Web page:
As work crews begin to assemble near the Djab Wurrung Embassy in Victoria, the land's traditional owners and their supporters say "we're not leaving".
Hundreds of protesters have travelled to Djab Wurrung country, which straddles Victoria’s Western Highway, in the hopes of saving a number of 800-year-old sacred trees that are facing imminent destruction.
Major Road Projects Victoria's (MRPV) plans to undertake a safety upgrade of the highway, which connects Melbourne to Adelaide, have put the trees in the firing line despite sustained objection from the land’s traditional owners.
For more than a year, protesters camping among the trees have attempted to protect the site, but as the MRPV eviction notice period comes to an end, advocates say the number of supporters at the Djab Wurrung Embassy has reached “an all-time high”.
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According to an Embassy spokesperson, hundreds of people arrived at the site on Wednesday, ahead of the expected eviction, as work crews began assembling near the campsites.
The traditional owners were given a 14-day notice to evict the site in preparation for the road works to begin on 8 August.
“We’ve seen over 500 people journey to Country to stop this road and protect sacred Djab Wurrung song lines once and for all,” Embassy representative Amanda Mohamet said in a statement on Wednesday.
“The numbers we’ve seen today make clear that Premier Daniel Andrews will be on the wrong side of history if the Victorian Government pushes ahead to desecrate this sacred Women’s Country.”
Outside a VicRoads building in Ararat, a city in south-west Victoria, close to another 100 activists staged a peaceful sit-in. One of them was former Victorian Greens MP Lidia Thorpe, who has been a long-time advocate for the trees' protection.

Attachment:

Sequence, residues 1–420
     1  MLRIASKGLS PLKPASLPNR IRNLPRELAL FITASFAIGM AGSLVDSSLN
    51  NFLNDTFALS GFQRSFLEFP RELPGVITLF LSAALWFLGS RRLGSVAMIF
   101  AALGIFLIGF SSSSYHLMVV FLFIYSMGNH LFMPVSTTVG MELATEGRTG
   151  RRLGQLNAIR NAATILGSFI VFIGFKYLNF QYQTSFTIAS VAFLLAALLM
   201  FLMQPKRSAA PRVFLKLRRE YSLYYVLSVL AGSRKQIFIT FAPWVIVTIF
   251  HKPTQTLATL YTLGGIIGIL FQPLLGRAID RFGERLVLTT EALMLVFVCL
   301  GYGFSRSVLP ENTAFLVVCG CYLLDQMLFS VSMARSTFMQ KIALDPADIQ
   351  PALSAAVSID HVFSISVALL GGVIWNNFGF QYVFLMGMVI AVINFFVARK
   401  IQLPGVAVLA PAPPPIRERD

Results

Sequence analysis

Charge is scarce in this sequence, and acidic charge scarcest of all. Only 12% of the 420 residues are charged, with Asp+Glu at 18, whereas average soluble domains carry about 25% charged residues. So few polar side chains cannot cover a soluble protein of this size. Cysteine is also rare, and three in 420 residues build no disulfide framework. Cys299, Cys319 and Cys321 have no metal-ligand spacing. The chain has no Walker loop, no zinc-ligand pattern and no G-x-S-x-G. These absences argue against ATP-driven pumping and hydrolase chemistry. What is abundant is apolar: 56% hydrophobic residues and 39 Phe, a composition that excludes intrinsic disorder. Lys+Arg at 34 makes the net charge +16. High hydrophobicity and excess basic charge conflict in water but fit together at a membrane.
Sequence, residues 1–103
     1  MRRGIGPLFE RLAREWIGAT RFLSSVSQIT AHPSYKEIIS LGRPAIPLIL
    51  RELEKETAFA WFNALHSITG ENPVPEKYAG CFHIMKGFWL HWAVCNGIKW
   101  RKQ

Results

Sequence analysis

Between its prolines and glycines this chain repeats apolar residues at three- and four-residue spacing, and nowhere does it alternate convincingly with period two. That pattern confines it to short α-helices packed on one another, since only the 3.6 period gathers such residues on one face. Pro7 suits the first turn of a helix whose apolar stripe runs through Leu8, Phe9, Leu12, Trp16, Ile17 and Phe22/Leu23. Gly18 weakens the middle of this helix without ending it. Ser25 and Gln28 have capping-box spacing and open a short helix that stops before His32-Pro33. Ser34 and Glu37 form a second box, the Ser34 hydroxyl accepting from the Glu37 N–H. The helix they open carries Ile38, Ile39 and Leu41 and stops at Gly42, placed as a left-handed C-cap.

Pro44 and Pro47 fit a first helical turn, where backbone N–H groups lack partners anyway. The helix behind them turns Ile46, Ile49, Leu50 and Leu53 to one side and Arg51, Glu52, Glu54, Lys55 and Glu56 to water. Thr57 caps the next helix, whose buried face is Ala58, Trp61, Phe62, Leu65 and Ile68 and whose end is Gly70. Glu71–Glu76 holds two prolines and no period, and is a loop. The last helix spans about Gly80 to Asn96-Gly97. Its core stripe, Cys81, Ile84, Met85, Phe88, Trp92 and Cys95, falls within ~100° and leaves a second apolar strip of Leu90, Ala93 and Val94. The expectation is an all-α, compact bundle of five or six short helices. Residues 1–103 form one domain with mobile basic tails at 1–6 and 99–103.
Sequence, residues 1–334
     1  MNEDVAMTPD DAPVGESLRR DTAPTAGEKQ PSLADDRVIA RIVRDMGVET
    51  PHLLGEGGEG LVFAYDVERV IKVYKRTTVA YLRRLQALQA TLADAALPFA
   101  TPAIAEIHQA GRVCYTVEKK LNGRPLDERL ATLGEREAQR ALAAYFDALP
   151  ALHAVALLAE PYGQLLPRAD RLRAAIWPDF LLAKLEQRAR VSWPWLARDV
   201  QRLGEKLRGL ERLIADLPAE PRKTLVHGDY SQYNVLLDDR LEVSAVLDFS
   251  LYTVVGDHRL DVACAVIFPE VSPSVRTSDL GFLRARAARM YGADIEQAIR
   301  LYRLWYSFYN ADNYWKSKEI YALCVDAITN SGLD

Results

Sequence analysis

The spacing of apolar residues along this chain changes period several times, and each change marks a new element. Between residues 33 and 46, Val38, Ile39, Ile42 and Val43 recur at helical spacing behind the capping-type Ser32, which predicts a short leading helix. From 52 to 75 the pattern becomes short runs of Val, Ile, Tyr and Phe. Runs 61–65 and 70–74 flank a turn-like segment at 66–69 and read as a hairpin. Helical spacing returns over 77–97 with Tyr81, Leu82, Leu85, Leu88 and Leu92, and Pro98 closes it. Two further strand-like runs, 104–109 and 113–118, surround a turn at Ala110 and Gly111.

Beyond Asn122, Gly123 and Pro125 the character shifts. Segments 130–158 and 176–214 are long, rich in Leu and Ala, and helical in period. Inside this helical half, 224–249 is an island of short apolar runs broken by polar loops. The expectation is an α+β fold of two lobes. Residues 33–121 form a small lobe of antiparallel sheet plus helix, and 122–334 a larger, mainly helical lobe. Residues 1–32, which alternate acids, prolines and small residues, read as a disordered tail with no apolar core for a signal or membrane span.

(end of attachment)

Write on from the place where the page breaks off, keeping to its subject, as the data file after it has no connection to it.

“We're prepared for anything, whatever comes at us. We've got hundreds of people here maintaining a peaceful presence," Ms Thorpe, who was the first Indigenous woman elected to Victorian Parliament, told SBS News.
"This isn't about you know we don't want people to be hurt or arrested or sent to jail. This is about having a peaceful respectful protest and maintaining the protection of this significant site."
Ms Thorpe said lawyers acting on behalf of the traditional owners were working to get an injunction put in place that would delay the eviction.
If the injunction is not granted, Ms Thorpe said, the traditional owners and their supporters would not be leaving.
"To think we're in the middle of a treaty discussion with the state government and they want to destroy our trees and our landscape, which really hurts our people dearly," she said.
"That's why we're here and that's why we're not going to leave."
Liam Carrigan, 25, told SBS News he travelled to the camp from Melbourne on Tuesday night when he heard there was a "red alert", meaning the eviction was imminent.
"You don't know whether it's going to be daylight or at night," he said, of the expected eviction.
"It's really important for everyone who acknowledges the ongoing dispossession of Indigenous people to stand in solidarity with these sort of struggles."
Mr Carrigan said the types of people who had travelled to the camp on Wednesday were more diverse than he expected, including a number of young people from the arts and music scene in Melbourne.
The trees are marked for removal to make way for the 12.5 km highway upgrade, between Buangor and Ararat, that has been approved by the federal government.
A MRPV spokesperson told SBS News that the "western Victorian community has waited for this upgrade and now we have all the necessary permissions to start, we’re getting back to work".
"Too many people have lost their lives on this road - there have been more than 100 crashes and 11 fatalities on the Western Highway between Ballarat and Stawell in recent years," they said.
According to MRPV's website, the Victorian government has worked with "local community and Traditional Owner groups for many years to deliver this urgently needed safety upgrade".
However, an Embassy spokesperson said they were opposing the upgrade because the state government "failed to consult with the Djab Wurrung people and give the Tradition Owners the opportunity to make a free, prior and informed decision on the future of their land".
The traditional owners have been pushing for an alternative 'Northern' route, which they said would protect the trees and save the Victorian government money.
“At the end of the day we’re not going anywhere until our sacred Women’s Country is safe. Daniel Andrews needs to intervene and stop the destruction of our heritage," Ms Mohamet said.